The importance of a constitution for a not-for-profit

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The constitution is the governing document for all Not-for-profit’s (NFP).

NFPs are generally the following structures in Australia:

  • Australian public company limited by guarantee 
  • Australian private company limited by shares 
  • Incorporated association 
  • Trust

The most popular is a company limited by guarantee and depending on the structure the constitution is often referred to as the charter or the rules.

As the governing document the constitution must comply with the laws that are relevant to your NFP which may be the Corporations Act 2001 (Cth) and the Associations Incorporation Act of the State or Territory it is registered in.

Most importantly if your NFP is a charity, the constitution must comply with the Australian Charities and Not-for-Profit Commission (ACNC) Act 2012.

The ACNC issues Governance Standards which must be complied with.

A constitution is a living document and should be reviewed regularly as part of a good governance regime to ensure it continues to serve the purposes and objectives of the NFP.

It is also important to ensure that it continues to comply with all legislative requirements including taxation requirements particularly relating to any tax endorsements or concessions.

We generally suggest a constitutional review every two to three years, but if your organisation is a charity, you may wish to review your constitution sooner, to ensure that it complies with the recent changes introduced by the ACNC.

We are often asked when drafting or reviewing a constitution what are the main areas to consider. They are the:

  • Objects
  • Board or Committee
  • Members


The objects must clearly reflect:

  • what the NFP does and how it will achieve its purpose and goals
  • ensure that it satisfies the criteria for any legal and taxation requirements
  • the ability to grow and develop
  • if it is a charity that it can comply with ACNC legislation

Board or Committee

It is important to determine whether the NFP is best served by a board or committee and will generally depend on the type of structure.

The constitution should ensure the Board or committee has:

  • the relevant skills and perspectives to ensure it meets its objects
  • procedures in place for appointing and electing the people and the size of the board or committee
  • procedures for holding and convening meetings including annual general meetings
  • mechanisms to admit members and whether members of the board or committee need to be members
  • guidance on whether the directors or members be remunerated or not.

These are just some of the matters that need to be considered.

Importantly it is important that it the constitution be drafted to consider a range of issues and these need to be reviewed.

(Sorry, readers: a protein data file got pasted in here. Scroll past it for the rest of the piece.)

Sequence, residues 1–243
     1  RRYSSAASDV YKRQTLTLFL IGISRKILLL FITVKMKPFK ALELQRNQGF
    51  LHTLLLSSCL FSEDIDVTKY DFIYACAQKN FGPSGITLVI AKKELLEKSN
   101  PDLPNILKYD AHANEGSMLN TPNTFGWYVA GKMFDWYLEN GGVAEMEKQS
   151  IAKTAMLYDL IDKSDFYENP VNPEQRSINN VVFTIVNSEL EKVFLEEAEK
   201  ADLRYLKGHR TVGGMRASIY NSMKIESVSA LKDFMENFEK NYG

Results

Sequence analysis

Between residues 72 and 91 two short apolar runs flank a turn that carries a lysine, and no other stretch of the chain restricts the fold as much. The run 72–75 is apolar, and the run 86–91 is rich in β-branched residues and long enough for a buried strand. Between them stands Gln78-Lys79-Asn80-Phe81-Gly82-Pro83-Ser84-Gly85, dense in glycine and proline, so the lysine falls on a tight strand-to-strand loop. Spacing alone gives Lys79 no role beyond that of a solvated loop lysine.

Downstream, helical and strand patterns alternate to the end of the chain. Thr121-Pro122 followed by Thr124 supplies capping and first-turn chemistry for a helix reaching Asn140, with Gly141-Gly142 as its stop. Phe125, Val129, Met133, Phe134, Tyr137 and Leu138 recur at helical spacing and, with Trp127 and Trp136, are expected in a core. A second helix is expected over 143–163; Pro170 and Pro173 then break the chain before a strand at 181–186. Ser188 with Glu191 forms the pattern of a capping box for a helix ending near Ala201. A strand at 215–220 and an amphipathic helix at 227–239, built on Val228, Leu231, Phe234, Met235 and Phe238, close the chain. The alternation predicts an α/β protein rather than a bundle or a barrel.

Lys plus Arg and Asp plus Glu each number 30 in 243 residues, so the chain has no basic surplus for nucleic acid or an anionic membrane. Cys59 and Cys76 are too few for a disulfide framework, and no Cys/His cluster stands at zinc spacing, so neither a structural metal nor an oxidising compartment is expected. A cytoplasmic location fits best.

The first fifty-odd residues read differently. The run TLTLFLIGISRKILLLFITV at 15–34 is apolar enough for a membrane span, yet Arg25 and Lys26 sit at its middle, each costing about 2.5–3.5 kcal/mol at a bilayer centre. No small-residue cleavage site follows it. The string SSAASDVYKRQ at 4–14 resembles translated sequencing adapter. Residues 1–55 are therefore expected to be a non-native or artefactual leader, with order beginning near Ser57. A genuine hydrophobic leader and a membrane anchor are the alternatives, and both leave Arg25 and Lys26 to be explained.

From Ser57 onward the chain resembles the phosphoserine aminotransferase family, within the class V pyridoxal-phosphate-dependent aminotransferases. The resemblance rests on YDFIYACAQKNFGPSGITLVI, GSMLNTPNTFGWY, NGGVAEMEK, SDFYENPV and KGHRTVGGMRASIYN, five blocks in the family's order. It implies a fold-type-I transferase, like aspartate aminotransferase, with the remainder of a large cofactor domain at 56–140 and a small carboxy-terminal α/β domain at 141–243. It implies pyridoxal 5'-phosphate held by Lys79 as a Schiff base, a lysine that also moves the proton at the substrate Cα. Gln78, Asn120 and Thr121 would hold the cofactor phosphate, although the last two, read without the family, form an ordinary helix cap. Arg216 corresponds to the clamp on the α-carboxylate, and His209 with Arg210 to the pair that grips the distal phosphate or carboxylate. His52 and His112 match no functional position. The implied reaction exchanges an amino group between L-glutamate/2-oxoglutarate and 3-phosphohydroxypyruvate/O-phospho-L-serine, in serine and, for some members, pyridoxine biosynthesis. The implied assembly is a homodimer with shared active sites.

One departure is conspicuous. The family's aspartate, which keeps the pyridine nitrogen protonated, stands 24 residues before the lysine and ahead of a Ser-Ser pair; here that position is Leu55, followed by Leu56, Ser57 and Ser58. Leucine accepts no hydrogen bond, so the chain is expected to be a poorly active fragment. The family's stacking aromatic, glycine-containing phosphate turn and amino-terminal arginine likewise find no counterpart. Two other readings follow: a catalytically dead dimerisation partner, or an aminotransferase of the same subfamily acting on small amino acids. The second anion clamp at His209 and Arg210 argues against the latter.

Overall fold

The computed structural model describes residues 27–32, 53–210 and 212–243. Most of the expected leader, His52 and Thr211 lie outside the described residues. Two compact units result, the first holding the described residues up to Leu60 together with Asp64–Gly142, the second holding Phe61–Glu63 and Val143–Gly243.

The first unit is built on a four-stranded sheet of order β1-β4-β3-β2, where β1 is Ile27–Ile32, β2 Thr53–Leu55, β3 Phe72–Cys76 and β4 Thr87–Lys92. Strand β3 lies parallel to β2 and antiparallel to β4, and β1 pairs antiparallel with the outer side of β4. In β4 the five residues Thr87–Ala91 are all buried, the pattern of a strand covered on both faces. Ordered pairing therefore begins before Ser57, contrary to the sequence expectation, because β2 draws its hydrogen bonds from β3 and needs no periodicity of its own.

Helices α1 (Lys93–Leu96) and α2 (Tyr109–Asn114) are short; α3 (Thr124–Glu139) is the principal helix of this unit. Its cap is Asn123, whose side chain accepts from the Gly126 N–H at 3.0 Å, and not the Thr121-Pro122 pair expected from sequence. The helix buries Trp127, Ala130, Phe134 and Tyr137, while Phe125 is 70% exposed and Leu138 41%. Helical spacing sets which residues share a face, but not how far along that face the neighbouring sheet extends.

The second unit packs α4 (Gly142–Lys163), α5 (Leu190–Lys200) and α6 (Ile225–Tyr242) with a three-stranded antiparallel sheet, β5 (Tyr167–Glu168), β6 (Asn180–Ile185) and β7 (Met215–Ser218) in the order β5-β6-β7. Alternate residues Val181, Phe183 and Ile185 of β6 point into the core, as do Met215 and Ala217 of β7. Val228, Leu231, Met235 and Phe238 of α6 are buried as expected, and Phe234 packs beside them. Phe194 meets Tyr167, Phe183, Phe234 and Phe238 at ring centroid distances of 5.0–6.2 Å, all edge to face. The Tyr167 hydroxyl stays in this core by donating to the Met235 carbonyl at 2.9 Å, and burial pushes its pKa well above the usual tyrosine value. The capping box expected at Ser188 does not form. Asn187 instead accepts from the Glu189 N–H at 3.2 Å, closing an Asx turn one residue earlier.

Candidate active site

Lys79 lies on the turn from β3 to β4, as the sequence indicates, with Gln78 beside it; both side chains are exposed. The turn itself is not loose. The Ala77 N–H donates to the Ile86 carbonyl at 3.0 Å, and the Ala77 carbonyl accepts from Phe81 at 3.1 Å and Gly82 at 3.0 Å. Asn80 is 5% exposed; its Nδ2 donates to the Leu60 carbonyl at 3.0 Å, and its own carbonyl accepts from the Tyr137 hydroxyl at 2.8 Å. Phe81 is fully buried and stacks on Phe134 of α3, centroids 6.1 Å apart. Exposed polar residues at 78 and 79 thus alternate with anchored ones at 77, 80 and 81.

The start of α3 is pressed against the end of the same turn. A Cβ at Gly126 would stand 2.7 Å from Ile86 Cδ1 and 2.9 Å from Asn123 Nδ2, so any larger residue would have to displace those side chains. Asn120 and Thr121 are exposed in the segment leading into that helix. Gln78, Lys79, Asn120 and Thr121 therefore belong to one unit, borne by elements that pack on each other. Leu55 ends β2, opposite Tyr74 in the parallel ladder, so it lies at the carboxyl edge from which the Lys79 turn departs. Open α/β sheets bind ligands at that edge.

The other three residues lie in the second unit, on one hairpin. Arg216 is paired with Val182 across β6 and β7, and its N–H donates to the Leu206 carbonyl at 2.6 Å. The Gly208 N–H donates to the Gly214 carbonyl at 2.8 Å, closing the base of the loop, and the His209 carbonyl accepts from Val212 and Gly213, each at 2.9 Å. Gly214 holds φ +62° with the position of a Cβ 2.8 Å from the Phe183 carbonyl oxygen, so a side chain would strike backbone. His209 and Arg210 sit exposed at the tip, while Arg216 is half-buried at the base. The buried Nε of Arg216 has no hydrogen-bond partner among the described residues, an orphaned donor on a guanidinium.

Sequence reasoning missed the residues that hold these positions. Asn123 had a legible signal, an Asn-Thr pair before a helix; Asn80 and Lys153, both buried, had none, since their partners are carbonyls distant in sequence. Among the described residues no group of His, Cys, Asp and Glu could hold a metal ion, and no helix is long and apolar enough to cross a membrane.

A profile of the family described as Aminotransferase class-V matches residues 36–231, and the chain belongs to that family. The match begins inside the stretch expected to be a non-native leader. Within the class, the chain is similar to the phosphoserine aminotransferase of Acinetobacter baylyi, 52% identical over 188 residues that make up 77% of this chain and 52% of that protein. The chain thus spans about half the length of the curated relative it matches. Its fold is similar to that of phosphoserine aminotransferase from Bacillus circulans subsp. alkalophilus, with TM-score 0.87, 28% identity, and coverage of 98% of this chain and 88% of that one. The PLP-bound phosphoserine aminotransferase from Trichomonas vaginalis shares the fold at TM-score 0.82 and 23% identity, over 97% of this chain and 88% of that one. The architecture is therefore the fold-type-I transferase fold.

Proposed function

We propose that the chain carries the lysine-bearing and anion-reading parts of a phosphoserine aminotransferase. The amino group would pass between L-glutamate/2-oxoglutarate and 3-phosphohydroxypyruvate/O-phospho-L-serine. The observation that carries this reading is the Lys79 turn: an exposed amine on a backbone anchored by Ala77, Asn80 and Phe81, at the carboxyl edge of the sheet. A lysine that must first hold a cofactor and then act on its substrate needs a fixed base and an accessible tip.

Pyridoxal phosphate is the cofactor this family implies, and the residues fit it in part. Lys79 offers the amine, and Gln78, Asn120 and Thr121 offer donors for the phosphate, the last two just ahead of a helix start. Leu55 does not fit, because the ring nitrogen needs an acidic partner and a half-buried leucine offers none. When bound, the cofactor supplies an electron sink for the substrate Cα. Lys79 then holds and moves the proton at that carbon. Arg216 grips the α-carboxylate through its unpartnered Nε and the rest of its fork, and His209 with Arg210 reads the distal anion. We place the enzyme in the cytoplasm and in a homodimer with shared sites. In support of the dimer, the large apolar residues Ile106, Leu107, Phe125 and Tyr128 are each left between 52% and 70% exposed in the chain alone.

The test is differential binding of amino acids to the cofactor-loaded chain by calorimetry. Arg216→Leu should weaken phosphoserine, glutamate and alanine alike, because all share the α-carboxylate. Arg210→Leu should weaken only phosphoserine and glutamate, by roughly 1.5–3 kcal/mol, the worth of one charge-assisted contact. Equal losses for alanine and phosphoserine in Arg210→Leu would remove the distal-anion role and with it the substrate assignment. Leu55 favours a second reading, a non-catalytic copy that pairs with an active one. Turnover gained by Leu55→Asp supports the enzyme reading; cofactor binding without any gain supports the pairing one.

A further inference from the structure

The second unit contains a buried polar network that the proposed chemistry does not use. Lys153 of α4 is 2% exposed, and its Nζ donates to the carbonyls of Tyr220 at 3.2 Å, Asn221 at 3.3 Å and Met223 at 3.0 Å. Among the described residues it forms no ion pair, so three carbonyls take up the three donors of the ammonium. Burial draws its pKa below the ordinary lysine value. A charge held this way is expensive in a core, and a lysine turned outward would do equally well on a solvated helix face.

The constitution must consider how the membership structure works for your NFP.

It is important when considering membership that you:

  • consider the criteria for eligibility and what type or classes of members you will have
  • have an appropriate application procedure in place
  • consider membership fees
  • outline clearly what members can and can’t do including their voting rights
  • have procedures in place to discipline and expel members

When should you review your constitution?

There is no specific requirement as to when you should review a constitution, but we recommend every two years the board or committee should have it on its agenda from a governance perspective.

How can FC Lawyers assist your not-for-profit?

FC Lawyers have an experienced team that have been involved in the NFP and charity sector for nearly 30 years acting for a range of organisations across many different sectors.

Our team also serves on numerous NFP and charity boards as chairs, directors, and members.

Contact our team to discuss your not-for-profit constitution or if you have any other charity law legal needs.

The information provided in this article is for general information and educative purposes in summary form on legal topics which is current at the time it is published. The content does not constitute legal advice or recommendations and should not be relied upon as such. Whilst every care has been taken in the preparation of this article, FC Lawyers cannot accept responsibility for any errors, including those caused by negligence, in the material. We make no representations, statements or warranties about the accuracy or completeness of the information and you should not rely on it. You are advised to make your own independent inquiries regarding the accuracy of any information provided on this website. FC Lawyers does not guarantee, and accepts no legal responsibility whatsoever arising from or in connection to the accuracy, reliability, currency, correctness or completeness of any material contained in this article. Links to third party websites or articles does not constitute any endorsement or approval of those sites or the owners of those sites. Nothing in this article should be construed as granting any licence or right for you to use that content. You should consult the third party’s terms and conditions of use in relation to any third-party content. FC Lawyers disclaims all responsibility and all liability (including liability for negligence) for all expenses, losses, damages and costs you might incur as a result of the information being inaccurate or incomplete in any way. Appropriate legal advice should always be obtained in actual situations.


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